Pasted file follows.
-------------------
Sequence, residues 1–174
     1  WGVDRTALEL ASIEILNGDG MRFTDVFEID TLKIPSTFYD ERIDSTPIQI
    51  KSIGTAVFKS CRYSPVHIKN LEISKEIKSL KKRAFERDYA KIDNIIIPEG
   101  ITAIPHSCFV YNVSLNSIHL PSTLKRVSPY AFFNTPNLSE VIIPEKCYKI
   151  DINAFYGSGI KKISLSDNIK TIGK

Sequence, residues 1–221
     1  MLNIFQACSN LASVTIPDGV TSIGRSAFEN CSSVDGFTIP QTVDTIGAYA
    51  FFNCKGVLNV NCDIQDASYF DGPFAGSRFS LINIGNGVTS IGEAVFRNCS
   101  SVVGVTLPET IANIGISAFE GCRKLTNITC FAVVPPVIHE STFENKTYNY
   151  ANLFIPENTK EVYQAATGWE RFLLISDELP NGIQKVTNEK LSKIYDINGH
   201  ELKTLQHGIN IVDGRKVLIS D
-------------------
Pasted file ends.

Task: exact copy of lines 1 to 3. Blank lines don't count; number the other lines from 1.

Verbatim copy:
Sequence, residues 1–174
     1  WGVDRTALEL ASIEILNGDG MRFTDVFEID TLKIPSTFYD ERIDSTPIQI
    51  KSIGTAVFKS CRYSPVHIKN LEISKEIKSL KKRAFERDYA KIDNIIIPEG